This election is undoubtably going to be an exciting one with a less than predictable outcome and with a leader of one of the main political parties standing in a Camden constituency we thought it was a unique opportunity to host an hustings focusing on climate change.
Join us from 6.30pm on Wednesday, 8 April at Camden School for Girls and hear what our candidates have to say about climate change and ensure whoever is elected hears your views on the issue. There will be opportunities to ask questions both in advance and on the evening itself.
We have confirmations from Natalie Bennet, Green Party, Will Blair, Conservative, Jill Fraser, Liberal Democrat and Sir Keir Starmer, Labour and the evening will be chaired by Stephen Tindale from Climate Answers.
You’ll need to register and registration also allows you to ask your question in advance. We won’t be able to accomodate every question but we will try to fit in as many as we can!
Many thanks to the groups supporting us in this event including Camden Friends of the Earth, Camden Cycling Campaign, 1010, the London chapter of Global Justice Now and Streetbank and a special thanks to Martins Camisuli architects for sponsoring the event.
I am always re-energised by other’s resolutions – the huge increase in the number of people cycling to work in the first week in January has inspired me to keep cycling despite the vagaries of weather and meeting no less than eight new members at Camden Friends of the Earth January meeting is leading to an exciting new campaign (of which more next newsletter).
And so it is that I am thinking also about CamdenCAN’s future and what impact we can have in reducing Camden’s carbon footprint. This newsletter, our website and twitter account are part of connecting people and organisations in Camden and inspiring them to do more.
CamdenCAN can be more than just an online presence though. Last year we developed a manifesto for sustainability to which both the Labour & Green parties here in Camden signed up to demonstrating the impact of bringing together local organisations when asking for change. With both existing MPs for Holborn & St Pancras and Hampstead & Kilburn constituencies standing down we have a fantastic opportunity to ask our local MPs to focus on climate change. I am looking at the possibility of holding a local hustings focussing on climate change and other sustainability issues and I’d be interested to hear from you if you’d like to get involved either as an individual or as a group.
Finally, as many of you will know, Prashant has recently moved to Hong Kong. It’s been great fun working with him on CamdenCAN and I wanted to thank him for all his support over the last year. His departure leaves a gap and I’d really love to hear from you if you are interested in helping me run CamdenCAN on a longer term basis.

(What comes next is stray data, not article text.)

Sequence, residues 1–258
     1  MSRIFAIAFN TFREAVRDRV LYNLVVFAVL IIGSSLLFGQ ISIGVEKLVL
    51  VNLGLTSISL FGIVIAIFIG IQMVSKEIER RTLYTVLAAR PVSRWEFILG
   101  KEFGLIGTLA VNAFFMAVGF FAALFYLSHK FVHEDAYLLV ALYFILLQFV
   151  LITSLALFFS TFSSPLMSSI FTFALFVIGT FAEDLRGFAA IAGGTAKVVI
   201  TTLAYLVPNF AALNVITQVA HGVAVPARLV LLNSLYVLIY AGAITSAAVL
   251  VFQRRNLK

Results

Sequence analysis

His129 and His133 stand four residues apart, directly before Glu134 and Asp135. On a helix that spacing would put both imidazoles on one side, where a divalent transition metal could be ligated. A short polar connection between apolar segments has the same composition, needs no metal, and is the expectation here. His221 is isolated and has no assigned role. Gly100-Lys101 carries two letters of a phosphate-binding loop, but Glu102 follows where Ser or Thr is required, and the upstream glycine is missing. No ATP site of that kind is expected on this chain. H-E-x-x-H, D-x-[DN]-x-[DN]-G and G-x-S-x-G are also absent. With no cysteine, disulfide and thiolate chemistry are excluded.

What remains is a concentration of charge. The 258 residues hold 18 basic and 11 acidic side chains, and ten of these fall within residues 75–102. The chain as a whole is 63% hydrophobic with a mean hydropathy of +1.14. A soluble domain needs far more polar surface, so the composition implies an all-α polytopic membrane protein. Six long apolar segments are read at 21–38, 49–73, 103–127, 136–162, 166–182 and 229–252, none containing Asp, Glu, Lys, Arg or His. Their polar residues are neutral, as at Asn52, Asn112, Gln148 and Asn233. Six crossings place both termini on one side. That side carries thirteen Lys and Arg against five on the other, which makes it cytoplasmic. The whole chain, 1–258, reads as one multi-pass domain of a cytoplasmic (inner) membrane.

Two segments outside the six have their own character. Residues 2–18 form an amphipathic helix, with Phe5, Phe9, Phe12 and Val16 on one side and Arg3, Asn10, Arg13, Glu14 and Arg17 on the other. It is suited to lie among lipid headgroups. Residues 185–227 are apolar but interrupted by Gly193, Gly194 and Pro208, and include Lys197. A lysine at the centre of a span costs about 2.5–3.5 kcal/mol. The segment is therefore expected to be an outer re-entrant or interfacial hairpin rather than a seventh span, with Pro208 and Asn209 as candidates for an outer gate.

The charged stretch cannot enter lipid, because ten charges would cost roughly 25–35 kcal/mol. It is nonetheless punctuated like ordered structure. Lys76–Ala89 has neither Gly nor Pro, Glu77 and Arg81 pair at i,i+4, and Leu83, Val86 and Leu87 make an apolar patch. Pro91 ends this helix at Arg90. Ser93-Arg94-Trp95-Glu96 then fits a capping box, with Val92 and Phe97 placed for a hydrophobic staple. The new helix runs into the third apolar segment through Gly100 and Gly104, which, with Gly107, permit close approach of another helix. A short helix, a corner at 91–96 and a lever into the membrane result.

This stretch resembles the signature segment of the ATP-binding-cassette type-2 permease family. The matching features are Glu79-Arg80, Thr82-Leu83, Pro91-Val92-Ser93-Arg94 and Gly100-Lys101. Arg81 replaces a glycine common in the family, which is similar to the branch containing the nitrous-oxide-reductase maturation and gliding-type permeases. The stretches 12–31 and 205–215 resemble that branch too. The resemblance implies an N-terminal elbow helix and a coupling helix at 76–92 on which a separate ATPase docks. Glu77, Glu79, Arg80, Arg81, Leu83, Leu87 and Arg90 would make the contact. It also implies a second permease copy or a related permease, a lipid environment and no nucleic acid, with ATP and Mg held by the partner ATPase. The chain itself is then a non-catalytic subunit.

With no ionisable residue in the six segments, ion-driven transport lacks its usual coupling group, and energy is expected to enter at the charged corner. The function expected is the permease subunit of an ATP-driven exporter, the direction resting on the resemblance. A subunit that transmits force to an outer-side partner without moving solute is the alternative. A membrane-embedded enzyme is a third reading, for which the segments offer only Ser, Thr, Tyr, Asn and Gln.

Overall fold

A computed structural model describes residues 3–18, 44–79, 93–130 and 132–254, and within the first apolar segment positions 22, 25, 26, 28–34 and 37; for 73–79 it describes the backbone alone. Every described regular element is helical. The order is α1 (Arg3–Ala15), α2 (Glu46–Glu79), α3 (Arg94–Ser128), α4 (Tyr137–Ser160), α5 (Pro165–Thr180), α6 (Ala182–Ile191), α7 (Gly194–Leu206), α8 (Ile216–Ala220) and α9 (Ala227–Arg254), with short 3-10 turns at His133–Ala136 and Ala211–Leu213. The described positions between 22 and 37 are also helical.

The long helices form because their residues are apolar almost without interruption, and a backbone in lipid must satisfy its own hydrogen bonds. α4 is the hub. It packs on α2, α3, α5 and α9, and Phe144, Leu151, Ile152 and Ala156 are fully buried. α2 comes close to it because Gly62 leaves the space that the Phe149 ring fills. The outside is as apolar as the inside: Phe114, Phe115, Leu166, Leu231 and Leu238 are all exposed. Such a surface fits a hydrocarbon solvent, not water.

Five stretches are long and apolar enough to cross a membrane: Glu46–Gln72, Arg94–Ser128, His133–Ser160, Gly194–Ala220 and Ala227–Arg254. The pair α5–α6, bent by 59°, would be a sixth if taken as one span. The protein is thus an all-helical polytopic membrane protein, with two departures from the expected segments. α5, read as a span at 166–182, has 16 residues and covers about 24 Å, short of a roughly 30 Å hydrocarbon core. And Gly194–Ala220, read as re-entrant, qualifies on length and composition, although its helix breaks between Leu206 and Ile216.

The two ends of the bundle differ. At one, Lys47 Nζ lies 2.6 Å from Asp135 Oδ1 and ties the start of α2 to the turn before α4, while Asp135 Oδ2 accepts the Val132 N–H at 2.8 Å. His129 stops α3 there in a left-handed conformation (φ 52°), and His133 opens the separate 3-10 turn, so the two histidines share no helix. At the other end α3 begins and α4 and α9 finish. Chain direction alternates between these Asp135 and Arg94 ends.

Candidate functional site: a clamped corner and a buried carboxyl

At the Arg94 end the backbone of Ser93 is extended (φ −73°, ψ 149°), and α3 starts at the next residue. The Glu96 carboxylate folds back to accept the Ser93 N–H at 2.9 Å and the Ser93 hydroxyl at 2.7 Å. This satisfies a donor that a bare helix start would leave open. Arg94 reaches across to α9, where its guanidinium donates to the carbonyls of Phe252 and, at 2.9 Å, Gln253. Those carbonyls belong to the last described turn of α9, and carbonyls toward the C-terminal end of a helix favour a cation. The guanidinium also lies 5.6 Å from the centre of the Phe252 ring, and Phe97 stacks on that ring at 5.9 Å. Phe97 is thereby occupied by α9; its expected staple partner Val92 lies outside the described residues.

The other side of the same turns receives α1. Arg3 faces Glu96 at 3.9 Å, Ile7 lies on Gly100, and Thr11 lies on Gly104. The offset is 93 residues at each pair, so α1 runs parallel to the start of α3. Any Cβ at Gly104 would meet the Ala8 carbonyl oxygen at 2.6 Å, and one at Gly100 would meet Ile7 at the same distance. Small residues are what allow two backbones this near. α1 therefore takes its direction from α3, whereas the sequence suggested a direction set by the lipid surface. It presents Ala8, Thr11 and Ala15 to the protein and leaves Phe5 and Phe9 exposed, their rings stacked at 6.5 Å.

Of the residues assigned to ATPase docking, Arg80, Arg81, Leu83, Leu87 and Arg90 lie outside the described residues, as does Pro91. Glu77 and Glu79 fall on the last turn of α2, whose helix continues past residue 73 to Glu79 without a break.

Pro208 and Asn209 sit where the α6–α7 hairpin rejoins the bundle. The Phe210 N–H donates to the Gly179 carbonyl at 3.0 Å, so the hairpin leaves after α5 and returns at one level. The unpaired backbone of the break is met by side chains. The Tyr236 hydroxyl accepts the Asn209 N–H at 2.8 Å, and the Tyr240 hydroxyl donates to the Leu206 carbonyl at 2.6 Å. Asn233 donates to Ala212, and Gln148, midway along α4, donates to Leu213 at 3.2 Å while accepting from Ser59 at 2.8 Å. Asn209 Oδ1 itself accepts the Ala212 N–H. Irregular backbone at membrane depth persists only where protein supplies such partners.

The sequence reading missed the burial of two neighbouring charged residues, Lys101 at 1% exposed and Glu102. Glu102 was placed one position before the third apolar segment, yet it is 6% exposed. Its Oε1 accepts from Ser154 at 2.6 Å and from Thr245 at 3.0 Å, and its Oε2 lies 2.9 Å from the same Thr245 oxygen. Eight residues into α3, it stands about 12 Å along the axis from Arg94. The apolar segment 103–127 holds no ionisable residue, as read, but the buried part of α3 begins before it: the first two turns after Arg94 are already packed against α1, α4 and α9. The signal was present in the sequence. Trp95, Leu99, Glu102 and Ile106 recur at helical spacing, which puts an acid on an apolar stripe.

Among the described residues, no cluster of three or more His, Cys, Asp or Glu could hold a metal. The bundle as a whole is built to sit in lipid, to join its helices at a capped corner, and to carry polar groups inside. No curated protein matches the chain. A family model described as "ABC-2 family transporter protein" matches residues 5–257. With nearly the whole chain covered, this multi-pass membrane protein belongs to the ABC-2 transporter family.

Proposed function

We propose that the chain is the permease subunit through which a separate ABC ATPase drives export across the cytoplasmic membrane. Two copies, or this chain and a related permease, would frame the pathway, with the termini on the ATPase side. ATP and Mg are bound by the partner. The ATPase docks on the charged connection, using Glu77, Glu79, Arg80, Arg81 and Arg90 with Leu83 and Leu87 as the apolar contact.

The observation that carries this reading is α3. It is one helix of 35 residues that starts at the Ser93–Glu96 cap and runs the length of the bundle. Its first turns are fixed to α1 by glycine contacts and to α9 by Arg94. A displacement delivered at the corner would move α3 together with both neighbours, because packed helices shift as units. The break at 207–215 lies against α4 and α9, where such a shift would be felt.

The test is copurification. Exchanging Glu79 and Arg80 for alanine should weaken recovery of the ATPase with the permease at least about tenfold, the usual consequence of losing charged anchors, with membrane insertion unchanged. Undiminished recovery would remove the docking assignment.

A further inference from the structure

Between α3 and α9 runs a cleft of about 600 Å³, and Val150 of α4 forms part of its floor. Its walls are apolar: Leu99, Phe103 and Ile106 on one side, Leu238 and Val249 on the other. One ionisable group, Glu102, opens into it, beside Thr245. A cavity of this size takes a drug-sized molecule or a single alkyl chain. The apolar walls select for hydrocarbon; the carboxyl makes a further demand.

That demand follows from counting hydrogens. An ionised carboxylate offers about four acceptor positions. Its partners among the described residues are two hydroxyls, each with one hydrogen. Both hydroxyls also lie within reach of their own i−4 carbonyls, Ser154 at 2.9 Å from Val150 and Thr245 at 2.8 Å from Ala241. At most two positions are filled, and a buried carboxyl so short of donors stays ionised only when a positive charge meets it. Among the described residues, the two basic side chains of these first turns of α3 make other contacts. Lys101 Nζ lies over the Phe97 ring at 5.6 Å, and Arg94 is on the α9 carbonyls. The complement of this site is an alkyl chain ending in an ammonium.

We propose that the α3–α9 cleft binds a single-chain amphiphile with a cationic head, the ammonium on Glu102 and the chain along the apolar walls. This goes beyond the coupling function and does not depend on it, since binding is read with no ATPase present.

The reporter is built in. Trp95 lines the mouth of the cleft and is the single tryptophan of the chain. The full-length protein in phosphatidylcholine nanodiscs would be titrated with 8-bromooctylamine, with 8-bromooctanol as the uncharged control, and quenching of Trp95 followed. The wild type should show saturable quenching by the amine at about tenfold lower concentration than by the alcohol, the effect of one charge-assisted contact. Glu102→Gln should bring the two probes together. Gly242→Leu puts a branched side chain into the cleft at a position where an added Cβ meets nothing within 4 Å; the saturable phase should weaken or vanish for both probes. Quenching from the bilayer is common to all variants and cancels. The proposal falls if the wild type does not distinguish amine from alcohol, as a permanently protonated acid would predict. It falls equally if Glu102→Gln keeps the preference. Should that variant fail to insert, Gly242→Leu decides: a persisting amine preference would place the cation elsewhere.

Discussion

Camden has teamed up with five north London boroughs to offer grants of up to £6,000 towards the cost of energy efficiency measures. The project also offers a subsidised Green Deal Assessment and expert advice to support you through the process, from identifying measures through to installation.
In addition, for those who live in a conservation area, Camden has recently published new energy efficiency planning guidance for conservation areas to inform residents who are considering making energy efficiency improvements to their properties.
Smart Homes grants are available to home owners, landlords and private tenants on a first-come, first-served basis for a limited time only. For more information visit the website www.smarthomes.house or call the Smart Homes advice line on 020 7527 4736 (Monday to Friday, 9am-7pm)
Post by Micaela Torterola, GreenMatch
Reducing the carbon footprint has become a common challenge for most governments around the world and especially in Europe. However, we should not let all the responsibility to governments and local authorities. Why not get brave and start reducing the carbon footprint at home?
Luckily, there is a lot to do to reduce your emissions, from simple and “free” solutions to greater investments that usually require more time and money. You should first take some minutes and think about what you do every day, what you buy, how you get from one place to another, where do the things that you consume come from? Not that you should change all of it, but yes there are some alterations that will have a very significant impact on your carbon emissions. The most popular is limiting your car usage and any other mean of transport that relies on fossil fuels. Why not bike or walk instead of taking the bus or using the car for short distances? It is not only greener, but also healthier! Walk more, bike more…
Something else that you should start doing is paying more attention to what you buy. Try not to buy industrialized food or products that have been transported a long distance to reach you. Stick to local produce, and avoid consuming fruits and vegetables that are not from the season and from your place.
Also, although this might sound a bit too obvious, it is something that most people forget. You should keep an eye on your household’s use of electricity, making sure you use lights and devices only if necessary. Moreover, to maximize your heating/cooling efficiency, you should make sure your home is properly insulated and no heat is lost due to improper glazing, or badly insulated roofs and floors.
What About Generating Your Own (and Green!) Electricity?
Now that you are thinking about optimizing your energy consumption, why not consider investing in solar technologies in order to produce your own electricity? Despite its grey and cloudy weather, the UK is showing an increasing number of solar panel installations. Especially in those areas where there is a bit more sunlight than in the rest of the country, like the south and western regions.